Other congressional legislation has also recognized the unique status of Hawaiian Home Lands. The Hawaiian Home Lands Recovery Act of 1995 (Public Law 104-42) outlines the responsibility of the U.S. Secretary of the Interior (DOI) to advance the interests of the Hawaiian home lands trust and native Hawaiian beneficiaries, facilitate Congressional consents to HHCA amendments, and approve land exchanges.
The DOI Office of the U.S. Assistant Secretary for Policy, Budget, and Administration has responsibility to implement these provisions. Within that Office, the Office of Native Hawaiian Relations was created to:
1. Advance the interests of the beneficiaries of the HHCA;
2. Assist the beneficiaries and the DHHL in obtaining assistance from programs of the DOI and other Federal agencies that will promote homesteading opportunities, economic self-sufficiency, and social well being of the beneficiaries;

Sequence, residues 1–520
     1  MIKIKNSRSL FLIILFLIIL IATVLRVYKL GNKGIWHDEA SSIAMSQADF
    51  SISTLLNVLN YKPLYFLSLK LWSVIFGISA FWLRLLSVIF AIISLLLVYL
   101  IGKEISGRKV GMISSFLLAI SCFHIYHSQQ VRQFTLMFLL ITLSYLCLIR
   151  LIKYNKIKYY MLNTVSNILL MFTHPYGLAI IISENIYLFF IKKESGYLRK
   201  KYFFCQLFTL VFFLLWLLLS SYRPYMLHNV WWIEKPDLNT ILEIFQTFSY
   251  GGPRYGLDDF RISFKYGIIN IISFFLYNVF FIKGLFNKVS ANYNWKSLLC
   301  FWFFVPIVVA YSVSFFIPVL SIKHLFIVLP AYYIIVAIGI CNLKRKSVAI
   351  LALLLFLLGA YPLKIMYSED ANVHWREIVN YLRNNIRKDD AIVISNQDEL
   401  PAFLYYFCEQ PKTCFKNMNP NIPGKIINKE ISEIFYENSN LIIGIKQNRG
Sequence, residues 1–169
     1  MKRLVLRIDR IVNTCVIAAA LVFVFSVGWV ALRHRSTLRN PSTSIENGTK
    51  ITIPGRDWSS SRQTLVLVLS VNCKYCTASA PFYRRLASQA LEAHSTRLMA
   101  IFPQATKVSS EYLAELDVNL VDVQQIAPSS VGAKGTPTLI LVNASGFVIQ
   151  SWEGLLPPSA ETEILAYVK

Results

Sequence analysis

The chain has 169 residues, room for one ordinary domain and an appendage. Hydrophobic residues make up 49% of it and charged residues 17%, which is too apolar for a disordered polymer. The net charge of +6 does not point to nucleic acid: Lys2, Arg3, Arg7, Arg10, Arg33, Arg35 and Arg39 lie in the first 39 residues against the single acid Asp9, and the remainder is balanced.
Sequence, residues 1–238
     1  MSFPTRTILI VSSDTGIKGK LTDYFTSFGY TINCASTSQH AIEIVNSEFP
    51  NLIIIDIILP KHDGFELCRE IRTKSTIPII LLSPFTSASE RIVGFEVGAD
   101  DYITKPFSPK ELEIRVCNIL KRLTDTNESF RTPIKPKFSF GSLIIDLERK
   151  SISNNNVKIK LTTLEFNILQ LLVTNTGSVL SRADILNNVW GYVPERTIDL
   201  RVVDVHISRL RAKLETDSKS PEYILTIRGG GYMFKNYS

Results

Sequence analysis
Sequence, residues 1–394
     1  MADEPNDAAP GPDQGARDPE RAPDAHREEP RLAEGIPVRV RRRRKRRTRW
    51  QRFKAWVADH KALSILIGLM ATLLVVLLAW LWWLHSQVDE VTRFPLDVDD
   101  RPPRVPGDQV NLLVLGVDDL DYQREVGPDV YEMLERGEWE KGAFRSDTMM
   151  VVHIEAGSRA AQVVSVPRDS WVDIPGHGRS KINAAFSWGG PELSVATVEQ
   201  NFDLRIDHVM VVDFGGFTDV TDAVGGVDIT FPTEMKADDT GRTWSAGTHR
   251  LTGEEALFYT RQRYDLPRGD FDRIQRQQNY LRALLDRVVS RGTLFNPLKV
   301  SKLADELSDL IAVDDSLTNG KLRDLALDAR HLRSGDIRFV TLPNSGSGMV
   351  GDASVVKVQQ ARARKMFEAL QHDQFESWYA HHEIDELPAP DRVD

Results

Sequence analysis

3. Effectuate and implement the special legal relationship between the Native Hawaiian people and the United States;
4. Continue the process of reconciliation with the Native Hawaiian people; and
5. Fully integrate the principle and practice of meaningful, regular, and appropriate consultation with the Native Hawaiian people by assuring timely notification of and prior consultation with the Native Hawaiian people before any Federal agency takes any actions that may have the potential to significantly affect Native Hawaiian resources, rights, or lands. (Public Law 104-42 Section 206, Nov. 2, 1995; Public Law 108-199 Section 148, Jan. 23, 2004)